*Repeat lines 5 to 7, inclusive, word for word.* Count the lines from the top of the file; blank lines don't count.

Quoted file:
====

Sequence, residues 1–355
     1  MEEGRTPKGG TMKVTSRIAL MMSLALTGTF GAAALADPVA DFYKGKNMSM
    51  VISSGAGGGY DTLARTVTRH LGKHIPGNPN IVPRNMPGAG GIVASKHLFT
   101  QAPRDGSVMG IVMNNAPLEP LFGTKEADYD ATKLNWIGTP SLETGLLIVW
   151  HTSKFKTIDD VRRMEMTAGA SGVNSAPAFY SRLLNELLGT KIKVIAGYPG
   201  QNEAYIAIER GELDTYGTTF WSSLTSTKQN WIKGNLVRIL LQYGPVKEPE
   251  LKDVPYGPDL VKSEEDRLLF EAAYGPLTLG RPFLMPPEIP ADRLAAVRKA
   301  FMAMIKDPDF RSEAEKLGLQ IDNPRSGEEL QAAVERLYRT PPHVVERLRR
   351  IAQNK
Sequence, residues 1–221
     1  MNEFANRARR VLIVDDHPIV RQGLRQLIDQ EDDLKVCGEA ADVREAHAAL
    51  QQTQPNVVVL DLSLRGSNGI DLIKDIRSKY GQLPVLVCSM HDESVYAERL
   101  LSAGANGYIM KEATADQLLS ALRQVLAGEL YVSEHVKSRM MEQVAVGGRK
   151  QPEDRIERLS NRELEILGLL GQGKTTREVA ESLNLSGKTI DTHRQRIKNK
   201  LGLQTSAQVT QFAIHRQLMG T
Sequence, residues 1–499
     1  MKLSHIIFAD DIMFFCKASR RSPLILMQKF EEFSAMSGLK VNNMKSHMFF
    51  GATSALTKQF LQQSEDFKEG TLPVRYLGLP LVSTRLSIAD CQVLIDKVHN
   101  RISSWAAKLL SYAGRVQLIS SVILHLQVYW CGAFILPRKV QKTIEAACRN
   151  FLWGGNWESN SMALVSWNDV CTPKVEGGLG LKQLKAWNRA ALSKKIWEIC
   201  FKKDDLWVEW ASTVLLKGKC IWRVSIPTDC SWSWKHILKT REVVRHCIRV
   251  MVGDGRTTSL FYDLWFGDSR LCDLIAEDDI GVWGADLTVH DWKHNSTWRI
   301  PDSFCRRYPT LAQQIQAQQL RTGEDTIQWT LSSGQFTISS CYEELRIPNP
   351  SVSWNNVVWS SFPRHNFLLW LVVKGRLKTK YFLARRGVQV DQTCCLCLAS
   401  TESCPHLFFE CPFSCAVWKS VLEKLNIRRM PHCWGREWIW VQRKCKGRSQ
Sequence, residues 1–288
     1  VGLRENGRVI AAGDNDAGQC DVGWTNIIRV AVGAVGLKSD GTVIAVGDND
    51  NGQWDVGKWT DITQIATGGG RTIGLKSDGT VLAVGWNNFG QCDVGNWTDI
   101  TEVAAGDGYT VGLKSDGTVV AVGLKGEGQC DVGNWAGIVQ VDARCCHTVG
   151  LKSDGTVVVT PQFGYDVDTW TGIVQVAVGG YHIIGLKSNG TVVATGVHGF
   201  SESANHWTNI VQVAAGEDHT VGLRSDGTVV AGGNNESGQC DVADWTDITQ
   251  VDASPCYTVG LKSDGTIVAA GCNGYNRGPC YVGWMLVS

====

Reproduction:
   151  HTSKFKTIDD VRRMEMTAGA SGVNSAPAFY SRLLNELLGT KIKVIAGYPG
   201  QNEAYIAIER GELDTYGTTF WSSLTSTKQN WIKGNLVRIL LQYGPVKEPE
   251  LKDVPYGPDL VKSEEDRLLF EAAYGPLTLG RPFLMPPEIP ADRLAAVRKA